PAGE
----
The recently-concluded COP26 Climate Summit saw renowned artists lending their voice to highlight environmental issues.

With its blockbuster exhibitions and works crisscrossing the globe by plane, the art world is often singled out for its considerable ecological impact. And while awareness has been growing for several years, this is taking on a whole new dimension during the COP26 climate summit.

It may not be obvious, but art pollutes. So much so, in fact, that its carbon footprint has become a real concern for artists and professionals in the field. Many have decided to take up the issue on the occasion of the 26th UN Climate Change Conference (COP26) in Glasgow.

Take the Icelandic-Danish artist Olafur Eliasson, for example. According to The Art Newspaper, this artist is poised to present a film with the South African environmental activist Kumi Naidoo, exploring how the worlds of art and activism can work together to address the climate crisis. “What is needed right now is a fresh lens through which to look at old problems – problems that our generation was just not able to address with the intensity and urgency that it needed,” Naidoo told the specialist publication.

Other artists, like Robert Montgomery, are making similar points, presenting works expressing their ecological commitment during the United Nations Climate Change Conference. The Scottish artist and poet is currently exhibiting the installation “Grace of the Sun” at The Landing Hub, a temporary space created for COP26 by Glasgow City Council. The installation takes the form of a giant poem, which lights up every day at sunset. It also happens to be powered by a thousand Little Sun Diamond solar lights, developed by Olafur Eliasson and the engineer Frederik Ottesen as part of the Little Sun project.

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A post shared by Robert Montgomery (@robertmontgomerystudio)

Late awakening

If cinema and music have been tuned in to ecological issues for decades, the visual arts have been slower to catch on. A few works, such as “7000 Eichen” by Joseph Beuys, testify to a certain level of environmental awareness in the 1970s and 1980s. Here, the artist took advantage of his final participation in the Documenta contemporary art exhibition in Kassel in 1982 to propose the planting of 7,000 oak trees in the vicinity of the German city. This long-term reforestation project was intended to remedy the damage caused by excessive urbanisation.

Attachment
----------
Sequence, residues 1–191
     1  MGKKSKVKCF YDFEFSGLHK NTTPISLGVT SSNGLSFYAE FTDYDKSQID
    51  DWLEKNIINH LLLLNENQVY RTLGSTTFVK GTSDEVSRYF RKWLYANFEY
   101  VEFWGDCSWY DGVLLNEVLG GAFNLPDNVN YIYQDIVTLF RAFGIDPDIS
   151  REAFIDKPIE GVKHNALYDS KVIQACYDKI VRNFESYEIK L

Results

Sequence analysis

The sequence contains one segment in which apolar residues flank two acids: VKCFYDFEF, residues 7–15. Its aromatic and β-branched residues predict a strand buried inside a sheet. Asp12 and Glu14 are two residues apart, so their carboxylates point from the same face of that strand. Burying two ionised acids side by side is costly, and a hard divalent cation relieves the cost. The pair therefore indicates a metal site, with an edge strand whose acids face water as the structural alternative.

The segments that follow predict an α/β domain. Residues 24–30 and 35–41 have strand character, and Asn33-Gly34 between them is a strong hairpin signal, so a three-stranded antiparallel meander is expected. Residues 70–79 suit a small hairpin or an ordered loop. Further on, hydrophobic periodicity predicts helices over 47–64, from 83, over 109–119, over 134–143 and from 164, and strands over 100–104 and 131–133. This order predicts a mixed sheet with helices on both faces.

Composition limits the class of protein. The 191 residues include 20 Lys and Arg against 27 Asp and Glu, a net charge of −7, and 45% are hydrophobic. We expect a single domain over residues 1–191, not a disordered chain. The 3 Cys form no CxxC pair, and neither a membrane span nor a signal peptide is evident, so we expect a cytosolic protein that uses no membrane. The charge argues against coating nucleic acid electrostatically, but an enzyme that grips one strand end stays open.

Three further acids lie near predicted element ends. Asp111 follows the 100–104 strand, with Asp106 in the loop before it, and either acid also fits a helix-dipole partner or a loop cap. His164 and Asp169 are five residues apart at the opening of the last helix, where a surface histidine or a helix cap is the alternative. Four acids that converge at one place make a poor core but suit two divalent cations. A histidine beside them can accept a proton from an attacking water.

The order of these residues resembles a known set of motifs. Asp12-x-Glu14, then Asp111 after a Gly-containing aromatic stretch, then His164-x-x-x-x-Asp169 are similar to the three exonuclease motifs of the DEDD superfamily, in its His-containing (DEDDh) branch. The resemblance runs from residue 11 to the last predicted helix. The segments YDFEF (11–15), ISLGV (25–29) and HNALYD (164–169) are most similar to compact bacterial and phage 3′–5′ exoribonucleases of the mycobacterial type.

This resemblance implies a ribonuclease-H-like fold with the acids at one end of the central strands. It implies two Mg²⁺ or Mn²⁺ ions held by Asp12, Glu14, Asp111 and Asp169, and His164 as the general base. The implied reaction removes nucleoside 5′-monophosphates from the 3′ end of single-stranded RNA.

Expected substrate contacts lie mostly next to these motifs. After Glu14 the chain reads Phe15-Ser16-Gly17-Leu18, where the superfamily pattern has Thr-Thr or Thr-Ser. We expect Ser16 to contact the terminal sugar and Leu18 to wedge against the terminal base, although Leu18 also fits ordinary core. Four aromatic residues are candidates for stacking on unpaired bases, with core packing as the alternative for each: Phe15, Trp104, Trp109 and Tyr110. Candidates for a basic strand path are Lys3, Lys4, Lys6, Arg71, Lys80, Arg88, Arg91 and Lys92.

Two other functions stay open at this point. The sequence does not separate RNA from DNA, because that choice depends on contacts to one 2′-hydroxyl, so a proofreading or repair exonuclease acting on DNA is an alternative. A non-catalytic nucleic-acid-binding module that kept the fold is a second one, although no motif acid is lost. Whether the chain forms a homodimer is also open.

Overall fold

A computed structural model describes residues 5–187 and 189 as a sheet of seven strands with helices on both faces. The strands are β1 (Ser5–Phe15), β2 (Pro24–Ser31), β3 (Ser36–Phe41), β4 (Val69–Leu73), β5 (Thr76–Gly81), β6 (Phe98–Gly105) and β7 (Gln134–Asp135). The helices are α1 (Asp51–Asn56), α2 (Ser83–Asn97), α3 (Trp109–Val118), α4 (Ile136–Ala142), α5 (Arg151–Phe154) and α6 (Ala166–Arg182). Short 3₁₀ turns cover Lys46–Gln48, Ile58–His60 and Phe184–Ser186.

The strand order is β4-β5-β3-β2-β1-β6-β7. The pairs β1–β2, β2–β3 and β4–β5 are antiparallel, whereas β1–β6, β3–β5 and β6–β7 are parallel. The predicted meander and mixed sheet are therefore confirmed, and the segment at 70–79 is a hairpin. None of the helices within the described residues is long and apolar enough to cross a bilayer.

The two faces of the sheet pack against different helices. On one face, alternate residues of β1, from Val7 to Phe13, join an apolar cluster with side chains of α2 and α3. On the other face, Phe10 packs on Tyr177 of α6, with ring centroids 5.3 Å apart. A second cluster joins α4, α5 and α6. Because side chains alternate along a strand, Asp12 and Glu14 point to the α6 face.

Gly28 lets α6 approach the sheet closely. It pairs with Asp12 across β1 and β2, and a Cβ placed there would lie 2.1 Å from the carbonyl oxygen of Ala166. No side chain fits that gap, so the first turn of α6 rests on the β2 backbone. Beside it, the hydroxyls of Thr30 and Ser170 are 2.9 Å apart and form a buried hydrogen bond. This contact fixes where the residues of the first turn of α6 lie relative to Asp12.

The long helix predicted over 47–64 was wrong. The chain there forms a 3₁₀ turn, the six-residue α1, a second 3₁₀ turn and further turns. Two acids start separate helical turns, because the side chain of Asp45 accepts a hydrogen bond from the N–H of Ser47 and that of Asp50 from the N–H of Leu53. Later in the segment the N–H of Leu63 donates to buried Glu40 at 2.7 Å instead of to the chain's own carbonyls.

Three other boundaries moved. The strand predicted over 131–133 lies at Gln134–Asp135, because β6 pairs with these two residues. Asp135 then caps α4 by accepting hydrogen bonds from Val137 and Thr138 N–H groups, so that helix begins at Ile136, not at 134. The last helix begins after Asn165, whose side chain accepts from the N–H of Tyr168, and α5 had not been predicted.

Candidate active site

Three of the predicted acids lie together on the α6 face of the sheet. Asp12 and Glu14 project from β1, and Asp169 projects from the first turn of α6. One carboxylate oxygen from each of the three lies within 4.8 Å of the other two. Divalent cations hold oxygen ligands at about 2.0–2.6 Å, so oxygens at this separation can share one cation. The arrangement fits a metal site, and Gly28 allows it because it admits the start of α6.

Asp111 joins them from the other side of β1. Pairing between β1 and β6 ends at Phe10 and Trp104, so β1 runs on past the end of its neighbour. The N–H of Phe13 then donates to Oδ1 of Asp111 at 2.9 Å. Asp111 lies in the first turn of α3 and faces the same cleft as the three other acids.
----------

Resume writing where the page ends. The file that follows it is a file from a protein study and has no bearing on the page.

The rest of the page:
Since then, the art world has become more and more involved in protecting the environment. In fact, the non-profit organisation Art of Change 21 has made this its mission, actively promoting the link between contemporary art and the major issues relating to climate change for the past six years. The non-profit recently launched the ART-CLIMATE-COP26 program to highlight “the need to include creative and imaginative stakeholders and allowing an emotional response to the issues,” says Alice Audouin, president and founder of Art for Change 21.

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A post shared by John Gerrard (@johngerrard.inst)

November 5 and 6, John Gerrard showed one of his latest creations, titled “Flare (Oceania)” on the south façade of the University of Glasgow. This monumental work, which follows his famous “Western Flag,” evokes the link between climate change and the ocean. Meanwhile, Lucy Orta – of the duo Lucy + Jorge Orta – will present the social sculpture “Nexus Architecture COP26.” Fifty students from the Glasgow School of Art and the University of the Arts London will participate by simultaneously customising blank Nexus Architecture canvases, creating “an interconnected chain of solidarity from Glasgow to London.”

An ecological odyssey

Promoting the power of the collective in the fight against climate change was also at the heart of Bamber Hawes’ ambitious “Clarion the Bear” project. The British artist embarked on a journey from the English county of Shropshire to Glasgow in the company of Clarion, a three-meter-tall polar bear made of bamboo, willow and layers of tissue paper. They arrived at their destination on November 2, according to the “Clarion the Bear” Instagram account.

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A post shared by Bamber Hawes (@clarion_the_bear)

So what was this journey about? “Our aim is to come together to walk, to talk, to connect with each other, and to connect with the landscape by moving through it slowly,” Bamber Hawes writes online. Adding that: “Walking to the climate talks will not change the world – but I can think of nothing better to do to show the earnestness of my belief that we must learn to talk together and build community, only in Oneness will we make a better more just world.”

(Main image credit: Bamber & Clarion)

This story was published via AFP Relaxnews. 

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The COP26 Climate Summit Sees The Art World Exploring Environmental Issues
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